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PROTECT: Alcohol labelling policies to protect young people

The objective of the project was to build capacity at the European, country and local levels by providing information of the experience, evidence base and need for consumer labelling of alcoholic beverages, particularly to create a supportive environment to help prevent the harmful use of alcohol amongst young people.

Harmful alcohol use is common in young people, and binge drinking is frequent. Active sharing of best practice on consumer labelling targeted at young people should upwardly harmonize policies and programmes to invest in young people's health and well-being.

Methods: PROTECT assessed young people's consumer needs for labelling and gathered experience and best practices on consumer labelling from all Member States, and sought commitment from a range of public and private sector stakeholders to measurable best practice and data sharing.


Project Partners
PROTECT is a partnership from six consumer organisations (CRIOC – Belgium, INC – France, LNCF – Lithuania, OFE / NACPH – Hungary, ANPCPPS – Romania, MAG – Spain) as well as a NGO (EUROCARE) and an university (Catholic University of Applied Science North Rhine-Westphalia, Cologne). It is funded by the European Commission, with the operational help of the Executive Agency for Health and Consumers.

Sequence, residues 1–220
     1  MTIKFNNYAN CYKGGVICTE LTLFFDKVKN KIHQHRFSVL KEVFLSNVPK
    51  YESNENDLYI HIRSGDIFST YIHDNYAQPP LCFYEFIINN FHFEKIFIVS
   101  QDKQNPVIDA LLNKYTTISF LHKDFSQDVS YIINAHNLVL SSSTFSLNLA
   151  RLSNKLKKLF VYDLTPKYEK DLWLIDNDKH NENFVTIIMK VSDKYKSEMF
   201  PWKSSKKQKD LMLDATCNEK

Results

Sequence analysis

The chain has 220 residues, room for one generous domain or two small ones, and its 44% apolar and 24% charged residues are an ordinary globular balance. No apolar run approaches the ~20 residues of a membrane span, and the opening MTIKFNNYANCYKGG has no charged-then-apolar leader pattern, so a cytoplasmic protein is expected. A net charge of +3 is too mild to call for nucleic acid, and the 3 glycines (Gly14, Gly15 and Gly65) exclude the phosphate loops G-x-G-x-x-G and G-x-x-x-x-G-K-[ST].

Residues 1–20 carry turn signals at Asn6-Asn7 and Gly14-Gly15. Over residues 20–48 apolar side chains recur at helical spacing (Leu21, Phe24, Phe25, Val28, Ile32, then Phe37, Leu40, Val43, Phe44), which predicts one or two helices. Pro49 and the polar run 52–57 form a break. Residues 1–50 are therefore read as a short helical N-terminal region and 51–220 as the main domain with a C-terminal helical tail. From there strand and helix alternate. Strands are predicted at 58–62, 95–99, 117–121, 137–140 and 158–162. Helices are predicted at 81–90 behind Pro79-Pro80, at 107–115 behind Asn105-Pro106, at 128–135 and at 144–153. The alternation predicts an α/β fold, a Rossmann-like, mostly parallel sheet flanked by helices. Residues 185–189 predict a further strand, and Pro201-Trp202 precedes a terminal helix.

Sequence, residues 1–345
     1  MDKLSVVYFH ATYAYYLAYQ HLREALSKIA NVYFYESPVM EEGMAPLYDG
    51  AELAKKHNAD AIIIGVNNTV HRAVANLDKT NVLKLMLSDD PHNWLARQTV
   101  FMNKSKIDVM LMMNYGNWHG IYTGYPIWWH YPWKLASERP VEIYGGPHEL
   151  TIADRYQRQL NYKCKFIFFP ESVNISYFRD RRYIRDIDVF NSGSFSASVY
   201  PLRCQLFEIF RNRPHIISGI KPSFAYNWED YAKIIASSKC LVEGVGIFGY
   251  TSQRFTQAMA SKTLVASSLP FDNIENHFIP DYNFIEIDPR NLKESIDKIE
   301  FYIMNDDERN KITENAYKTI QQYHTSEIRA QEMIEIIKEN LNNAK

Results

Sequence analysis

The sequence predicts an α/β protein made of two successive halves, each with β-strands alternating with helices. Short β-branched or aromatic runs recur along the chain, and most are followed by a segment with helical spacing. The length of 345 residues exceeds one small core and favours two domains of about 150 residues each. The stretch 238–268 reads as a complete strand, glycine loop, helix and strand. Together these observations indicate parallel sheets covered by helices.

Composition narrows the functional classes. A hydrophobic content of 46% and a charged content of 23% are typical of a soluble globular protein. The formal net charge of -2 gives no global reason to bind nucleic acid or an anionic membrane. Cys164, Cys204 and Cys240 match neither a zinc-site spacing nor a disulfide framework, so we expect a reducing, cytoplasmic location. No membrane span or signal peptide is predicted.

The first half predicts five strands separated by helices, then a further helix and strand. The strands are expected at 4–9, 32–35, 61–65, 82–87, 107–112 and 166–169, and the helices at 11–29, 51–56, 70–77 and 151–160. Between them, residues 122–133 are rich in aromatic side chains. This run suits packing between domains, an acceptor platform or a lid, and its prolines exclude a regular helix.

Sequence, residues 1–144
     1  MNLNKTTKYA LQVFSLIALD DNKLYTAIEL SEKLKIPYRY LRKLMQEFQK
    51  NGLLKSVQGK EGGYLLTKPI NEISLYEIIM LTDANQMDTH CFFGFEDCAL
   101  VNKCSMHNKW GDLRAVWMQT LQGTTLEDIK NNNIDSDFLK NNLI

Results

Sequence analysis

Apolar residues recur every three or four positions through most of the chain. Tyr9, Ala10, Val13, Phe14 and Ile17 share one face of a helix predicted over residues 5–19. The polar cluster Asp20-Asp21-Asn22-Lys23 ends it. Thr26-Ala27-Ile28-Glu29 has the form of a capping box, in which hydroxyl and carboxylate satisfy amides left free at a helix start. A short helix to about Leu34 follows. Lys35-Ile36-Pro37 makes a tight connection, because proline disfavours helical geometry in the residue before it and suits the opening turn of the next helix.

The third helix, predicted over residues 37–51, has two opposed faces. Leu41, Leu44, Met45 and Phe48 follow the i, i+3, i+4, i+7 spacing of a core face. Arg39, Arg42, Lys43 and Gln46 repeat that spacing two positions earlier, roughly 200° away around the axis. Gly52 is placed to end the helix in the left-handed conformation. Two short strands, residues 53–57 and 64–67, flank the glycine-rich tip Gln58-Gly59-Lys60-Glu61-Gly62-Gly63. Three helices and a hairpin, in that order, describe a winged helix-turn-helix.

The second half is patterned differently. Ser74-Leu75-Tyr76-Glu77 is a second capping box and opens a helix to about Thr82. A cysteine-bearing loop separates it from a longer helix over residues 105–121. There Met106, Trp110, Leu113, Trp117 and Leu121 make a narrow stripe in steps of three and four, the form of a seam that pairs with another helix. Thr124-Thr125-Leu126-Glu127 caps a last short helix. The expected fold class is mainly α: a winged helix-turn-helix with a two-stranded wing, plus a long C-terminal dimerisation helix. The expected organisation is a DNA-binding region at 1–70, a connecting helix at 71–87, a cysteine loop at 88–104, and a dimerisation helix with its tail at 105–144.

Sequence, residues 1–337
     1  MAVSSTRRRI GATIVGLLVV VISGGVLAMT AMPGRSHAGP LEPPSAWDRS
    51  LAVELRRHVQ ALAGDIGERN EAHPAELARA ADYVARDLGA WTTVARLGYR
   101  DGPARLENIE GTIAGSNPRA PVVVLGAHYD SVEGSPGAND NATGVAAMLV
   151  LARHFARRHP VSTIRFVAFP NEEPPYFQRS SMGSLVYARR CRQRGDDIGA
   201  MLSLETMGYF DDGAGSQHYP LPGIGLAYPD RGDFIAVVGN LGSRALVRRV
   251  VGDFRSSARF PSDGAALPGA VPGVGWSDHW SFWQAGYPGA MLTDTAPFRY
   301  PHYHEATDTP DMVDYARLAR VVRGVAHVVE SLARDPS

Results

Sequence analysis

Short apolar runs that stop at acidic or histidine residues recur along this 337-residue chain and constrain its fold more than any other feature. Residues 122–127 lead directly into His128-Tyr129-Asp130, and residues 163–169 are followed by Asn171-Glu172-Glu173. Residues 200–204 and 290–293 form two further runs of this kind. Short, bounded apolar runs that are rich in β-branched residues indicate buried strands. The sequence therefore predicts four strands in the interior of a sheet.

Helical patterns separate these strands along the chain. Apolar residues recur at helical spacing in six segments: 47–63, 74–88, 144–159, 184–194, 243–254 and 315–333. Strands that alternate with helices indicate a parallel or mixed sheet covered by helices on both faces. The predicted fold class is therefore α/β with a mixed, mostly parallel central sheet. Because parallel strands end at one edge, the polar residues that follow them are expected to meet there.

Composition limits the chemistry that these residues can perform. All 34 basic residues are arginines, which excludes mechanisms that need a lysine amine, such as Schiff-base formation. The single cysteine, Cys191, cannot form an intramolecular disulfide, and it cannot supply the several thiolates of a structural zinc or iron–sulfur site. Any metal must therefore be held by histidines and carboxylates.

Rationale and relative merits of the project

Harmful alcohol use is common among younger people, with estimates from the 2007 Eurobarometer survey that as many as 22% of European people aged 15-24 years binge drink (5+ drinks, 50g alcohol on one occasion) at least once a week during the previous 12 months (Eurobarometer 2007). Over 1 in 6 (18%) of EU 15-16 year olds have binged (5+ drinks on a single occasion, 50g alcohol) three times or more in the last month.

Alcohol is a chemical solvent that has toxic effects on the body. It is also drug which has psychoactive effects that underlie its capacity to produce alcohol dependence. Alcohol can also exacerbate pre-existing mental and physical disorders, adversely interact with other prescribed and illicit drugs in the body, and contribute to a wide range of social problems, including accidents and injuries. Young people are at particular risk because of their vulnerability and brain development that takes place during adolescent (De Bellis et al 2000).

With regard to alcohol warning labels, various reviews have concluded that there is little evidence that they have measurable effects on drinking behaviours, although there is evidence that some intervening variables are affected, such as intention to change drinking patterns (Stockwell 2006). The finding of limited impact on behaviour contrasts with evidence from tobacco where there is evidence of impact but this may reflect the nature of the warning labels (Hammond et al 2006). However, despite the limited evidence for an impact, adding warning labels to alcohol containers has a longer-term social utility in helping to establish social understanding that alcohol is a special and hazardous commodity (Anderson 2007).

PROTECT provided the experience and evidence base for warning labels, with planned commitment from different stakeholders for an integrated approach consumer information and education.

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